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"Getting a process line back up and running in minutes rather than hours by giving technical support resources via remote access can help a plant avoid thousands of dollars of downtime. Another benefit is reduced costs when making control system programming changes. Depending on the nature of the programming change request, travel costs can be eliminated entirely when performing the work via remote access."
Two major and related challenges face engineers who want to employ remote access: security concerns and their own IT department.
Hackers are getting so good these days, they can penetrate a control system through any port—including even the maintenance port of a UPS. Space does not permit an analysis of all the cybersecurity problems facing industry today, but suffice it to say that users need to be very careful.
That's where the IT department comes in, for better or worse. "Due to NERC/CIP requirements, we're seeing some of our customers moving us to a secure VPN, only allowing access to PCs a layer removed from the control network," says Lopez of Nor Cal Controls. "While still extremely helpful, it's less functional than being directly connected to the control system."
In some cases, bypassing the corporate IT system is the best option. "In one operation where we could not access the analyzers from the corporate network due to IT policy, we installed a phone line and a modem directly in the analyzer cabinet for dial-up access," says PERI's Taylor. "We have also used satellite-based Internet connections for remote sites."
Or you can have your systems integrator or control system vendor take care of it. "Our primary remote access technology is via a secured VPN connection using a Cisco ASA 5500 Series adaptive security appliance or similar hardware," says Malyszko of Malisko Engineering. "Oftentimes, we procure, install and configure VPN hardware for our clients as an option to the base cost of a project."
James Burnand, director of the Mid-Atlantic region for Grantek Systems Integration, uses remote access technology from Rockwell Automation and others, and he advises limiting remote access to just the control system. "To maintain strict control of remote access, it's best to keep automation and control protocols at home in the manufacturing zone. Limiting the protocols to this zone helps ensure that the automation and control devices are communicating with known devices and applications, with user authentication and role-based authorization."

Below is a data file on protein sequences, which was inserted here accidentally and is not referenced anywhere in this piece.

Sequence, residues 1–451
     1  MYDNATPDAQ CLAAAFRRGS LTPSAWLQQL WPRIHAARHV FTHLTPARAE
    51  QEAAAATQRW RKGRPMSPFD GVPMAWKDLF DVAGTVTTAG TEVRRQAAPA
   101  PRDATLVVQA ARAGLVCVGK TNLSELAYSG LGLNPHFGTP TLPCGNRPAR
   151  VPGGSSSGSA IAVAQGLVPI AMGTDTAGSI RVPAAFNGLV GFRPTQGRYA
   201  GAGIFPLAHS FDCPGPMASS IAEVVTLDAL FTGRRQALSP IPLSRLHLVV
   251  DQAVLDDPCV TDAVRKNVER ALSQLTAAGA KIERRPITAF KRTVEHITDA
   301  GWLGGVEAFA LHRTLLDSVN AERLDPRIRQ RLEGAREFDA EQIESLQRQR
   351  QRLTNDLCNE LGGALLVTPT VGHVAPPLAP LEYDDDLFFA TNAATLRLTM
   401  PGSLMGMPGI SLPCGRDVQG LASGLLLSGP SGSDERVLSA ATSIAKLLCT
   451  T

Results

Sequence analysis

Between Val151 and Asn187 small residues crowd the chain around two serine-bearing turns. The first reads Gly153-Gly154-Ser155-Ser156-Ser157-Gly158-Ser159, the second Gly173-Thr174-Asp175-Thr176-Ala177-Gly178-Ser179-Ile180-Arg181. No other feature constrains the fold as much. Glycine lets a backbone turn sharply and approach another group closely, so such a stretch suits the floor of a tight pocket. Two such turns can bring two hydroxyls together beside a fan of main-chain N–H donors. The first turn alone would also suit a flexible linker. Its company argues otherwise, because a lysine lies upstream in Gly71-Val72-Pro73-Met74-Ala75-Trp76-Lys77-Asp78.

Maverick's Harper adds, "PC-to-PC connectivity has the advantage of being secure and fairly intuitive. That makes it easier for everyone to buy in to the idea of remote support. For cutting-edge smart phone apps and wireless control system products, such as tablets in the process areas, there are still too many concerns about safety and security for those to be strongly considered in the process automation arena at this time."
Hardware and software vendors offer tools to help uses address some security issues. Ken Eldridge, president of Open Automation Software, explains, "All of our components and services support Windows Communications Foundation. We work with Homeland Security closely to make sure all of our products are not vulnerable to security threats. All of this is done by just utilizing the .NET Framework in the Windows operating system."
Apart from security issues, other disadvantages of remote access include slow display updates over wireless connections, loss of communications at critical times and the need to use a PC or PAC that supports Windows-based software and Ethernet connections.
In spite of these disadvantages, end users are climbing aboard the remote access bandwagon faster than they've adopted any other technology we can remember. Today, any company that doesn't offer remote access to its automation systems is behind the times.